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Like many coastal cuisines, fish and coconuts are extensively used in Bengali cuisine. Fish is so much a part of the daily diet that it even forms a part of the traditionally vegetarian Brahmin diet. Unlike North Indian cuisine, parboiled rice is a staple. The flood prone land does not support a large dairy industry and so dairy products like ghee, milk or yogurt are not extensively used in daily cooking. A typical Bengali meal consists of Rice, Dal, Vegetables and Fish. This apparent simplicity hides the fact that over 18 different types of cooking techniques are called upon to produce an array of delicious curries.
The curry base : See Column 1
Mustard paste, khus khus paste, pulses, vegetables, yogurt, onion- tomato are all used as curry bases across the state. A selection of popular curries is listed below:
The Bengali Raita is very similar to a regular North Indian raita, and uses most salad vegetables. As mentioned above, yogurt is still not a part of the daily diet in Bengali homes. But raita is gaining popularity and will very likely be regarded as a Traditional Bengali curry a few decades down the line.
The Posto is a unique Bengali curry built on khus khus paste.
Shorse Jhol is another unique curry made from a paste of mustard seeds.
Shukto is a combination of the Posto and Shorse Jhol as it is made from mustard seeds and khus khus, both blended together. It usually has a mix of vegetables, with atleast one bitter vegetable.
Rezala is Mogul curry made by simmering a wide variety of goodies in flavoured yogurt. It has to be cooked on low heat with constant stirring to prevent the yogurt from splitting.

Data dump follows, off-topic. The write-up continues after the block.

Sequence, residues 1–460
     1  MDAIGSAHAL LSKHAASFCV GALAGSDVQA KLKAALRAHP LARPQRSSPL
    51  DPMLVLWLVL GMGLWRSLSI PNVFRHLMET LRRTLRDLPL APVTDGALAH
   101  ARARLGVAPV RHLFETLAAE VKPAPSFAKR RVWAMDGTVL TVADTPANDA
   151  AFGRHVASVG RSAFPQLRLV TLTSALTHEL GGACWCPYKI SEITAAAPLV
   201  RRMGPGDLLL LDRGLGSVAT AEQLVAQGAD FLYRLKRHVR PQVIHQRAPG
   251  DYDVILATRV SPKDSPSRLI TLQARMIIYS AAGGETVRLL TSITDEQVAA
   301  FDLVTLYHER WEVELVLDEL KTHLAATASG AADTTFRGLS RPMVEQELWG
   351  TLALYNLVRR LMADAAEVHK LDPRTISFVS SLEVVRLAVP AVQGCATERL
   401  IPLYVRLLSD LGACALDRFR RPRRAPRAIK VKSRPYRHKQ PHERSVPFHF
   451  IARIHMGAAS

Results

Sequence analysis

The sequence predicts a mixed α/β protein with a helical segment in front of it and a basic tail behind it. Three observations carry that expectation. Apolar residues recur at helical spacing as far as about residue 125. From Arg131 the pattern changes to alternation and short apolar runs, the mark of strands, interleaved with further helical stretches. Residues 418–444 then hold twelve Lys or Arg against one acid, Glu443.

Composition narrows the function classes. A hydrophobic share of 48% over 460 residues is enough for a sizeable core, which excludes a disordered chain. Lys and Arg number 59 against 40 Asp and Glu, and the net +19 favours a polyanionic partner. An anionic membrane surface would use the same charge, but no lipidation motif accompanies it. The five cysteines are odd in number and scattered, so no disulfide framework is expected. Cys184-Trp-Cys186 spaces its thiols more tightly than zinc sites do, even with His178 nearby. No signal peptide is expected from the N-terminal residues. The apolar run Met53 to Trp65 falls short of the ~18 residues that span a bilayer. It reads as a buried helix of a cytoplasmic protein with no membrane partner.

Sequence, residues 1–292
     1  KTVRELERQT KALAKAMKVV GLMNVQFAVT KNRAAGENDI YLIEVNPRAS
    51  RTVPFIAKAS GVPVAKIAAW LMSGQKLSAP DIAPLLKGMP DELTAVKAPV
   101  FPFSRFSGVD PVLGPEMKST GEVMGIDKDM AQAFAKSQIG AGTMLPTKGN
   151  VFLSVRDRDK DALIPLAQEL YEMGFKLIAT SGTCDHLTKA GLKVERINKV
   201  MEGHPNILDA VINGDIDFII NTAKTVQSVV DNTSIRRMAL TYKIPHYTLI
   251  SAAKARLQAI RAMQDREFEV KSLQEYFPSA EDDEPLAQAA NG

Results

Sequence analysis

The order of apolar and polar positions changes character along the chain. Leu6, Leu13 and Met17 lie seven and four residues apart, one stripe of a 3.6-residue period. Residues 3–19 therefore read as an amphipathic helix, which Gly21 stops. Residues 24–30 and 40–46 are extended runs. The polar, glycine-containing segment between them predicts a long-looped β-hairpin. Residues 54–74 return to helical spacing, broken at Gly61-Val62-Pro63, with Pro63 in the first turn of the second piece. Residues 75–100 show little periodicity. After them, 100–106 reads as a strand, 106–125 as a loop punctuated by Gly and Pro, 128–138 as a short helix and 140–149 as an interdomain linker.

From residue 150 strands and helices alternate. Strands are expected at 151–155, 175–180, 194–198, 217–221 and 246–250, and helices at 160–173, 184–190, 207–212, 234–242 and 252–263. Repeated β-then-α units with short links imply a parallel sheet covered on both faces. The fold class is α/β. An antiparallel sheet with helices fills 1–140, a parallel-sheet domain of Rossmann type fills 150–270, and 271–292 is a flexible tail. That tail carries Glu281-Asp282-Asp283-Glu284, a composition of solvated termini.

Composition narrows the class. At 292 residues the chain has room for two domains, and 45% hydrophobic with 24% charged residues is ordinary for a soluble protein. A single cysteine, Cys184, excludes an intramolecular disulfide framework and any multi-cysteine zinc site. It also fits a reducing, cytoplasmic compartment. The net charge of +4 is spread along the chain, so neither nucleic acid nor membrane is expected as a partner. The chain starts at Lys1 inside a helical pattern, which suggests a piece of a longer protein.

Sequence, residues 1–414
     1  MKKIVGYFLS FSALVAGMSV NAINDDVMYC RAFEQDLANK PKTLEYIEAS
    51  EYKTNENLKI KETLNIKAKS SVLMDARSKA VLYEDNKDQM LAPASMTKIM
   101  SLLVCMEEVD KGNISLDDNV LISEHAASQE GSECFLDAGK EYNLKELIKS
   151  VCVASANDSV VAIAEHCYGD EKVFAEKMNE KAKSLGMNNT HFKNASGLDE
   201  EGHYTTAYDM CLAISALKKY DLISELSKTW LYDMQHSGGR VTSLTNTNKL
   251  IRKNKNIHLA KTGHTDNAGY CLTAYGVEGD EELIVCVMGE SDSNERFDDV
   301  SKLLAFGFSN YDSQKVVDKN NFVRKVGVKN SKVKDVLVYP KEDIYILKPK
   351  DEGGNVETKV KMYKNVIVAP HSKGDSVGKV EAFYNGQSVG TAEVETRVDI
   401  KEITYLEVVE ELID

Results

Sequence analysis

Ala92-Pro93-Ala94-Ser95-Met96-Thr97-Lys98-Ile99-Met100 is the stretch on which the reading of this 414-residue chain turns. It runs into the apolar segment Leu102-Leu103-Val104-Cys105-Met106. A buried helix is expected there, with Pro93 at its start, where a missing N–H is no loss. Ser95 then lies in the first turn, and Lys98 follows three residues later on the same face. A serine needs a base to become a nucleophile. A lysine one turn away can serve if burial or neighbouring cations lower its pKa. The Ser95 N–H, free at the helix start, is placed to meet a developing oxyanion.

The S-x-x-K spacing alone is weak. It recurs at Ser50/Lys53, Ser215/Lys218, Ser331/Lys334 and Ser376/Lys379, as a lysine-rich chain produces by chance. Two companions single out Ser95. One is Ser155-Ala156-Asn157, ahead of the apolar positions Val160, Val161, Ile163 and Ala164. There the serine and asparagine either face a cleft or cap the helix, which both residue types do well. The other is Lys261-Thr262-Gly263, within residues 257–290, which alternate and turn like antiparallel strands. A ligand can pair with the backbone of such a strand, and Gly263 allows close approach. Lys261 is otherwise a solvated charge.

Dalna can be dry or have a stew like consistency and is made from onions, tomato and coconuts. Dhokkar ( refried chana dal patties) is commonly used in a Dalna.
Shak is a dry spinach curry. It can be made from any leafy vegetable.
A variety of dals like Masoor dal, Mung dal and Chana dal are cooked across the state.
Ambal is one of the very few Bengali dishes which use tamarind.
Flavouring : See column 2
The usual North Indian flaourings of cumin, garam masala, turmeric, coriander, fenugreek, ginger, chili, kalonji, are all used in Bengali cuisine. Cinnamon , cloves, cardamom are occasionally used. A mixture of five spices, the Panch Phoran is widely used. Unlike North Indian curries, mustard oil is extensively used. Coconut oil / sesame oil / Asafetida / curry leaves are almost never used. Traditionally, a curry base is often paired with a particular flavouring. For example, a Rezala (Column 1 , row 4) is usually flavoured by bay leaves, cardamom and cloves ( Column 2, row 3). This is because a Rezala is a Mogul curry and so uses typical Mogul flavourings. However, it is not a crime to flavor a Rezala with Panch Phoran. Similarly feel free to experiment with various flavouring options listed in column 2.
Goodies : See Column 3
Traditional curries use select pairings of a curry base and goodies. For example, dals are usually paired with Dhokkar. Similarly, a shukto always has bittergourd, eggplant and plantain. But feel free to use your favourite goodies in the curries above. They might not be traditional, but they’ll very likely be delicious. Though listed here, mushroom and paneer are not frequently used in Bengali curries. However, a wide variety of veggies and leafy greens are used. Dhokkar is commonly used as a vegetable substitute. (Dhokkar : Boil Chana dal. Mash and pat into a sheet. Cut into diamond shapes. Shallow fry in oil. Add to simmering curry).
What makes a curry a Bengali Curry ?
1. Use of mustard oil
2. Use of mustard paste & khus khus paste as curry bases.
3. Use of panch phoran for flavouring
4. The use of fried chana dal patties (Dhokkar) as a vegetable substitute.
5. Use of sugar in curries and
6. The huge array of cooking techniques.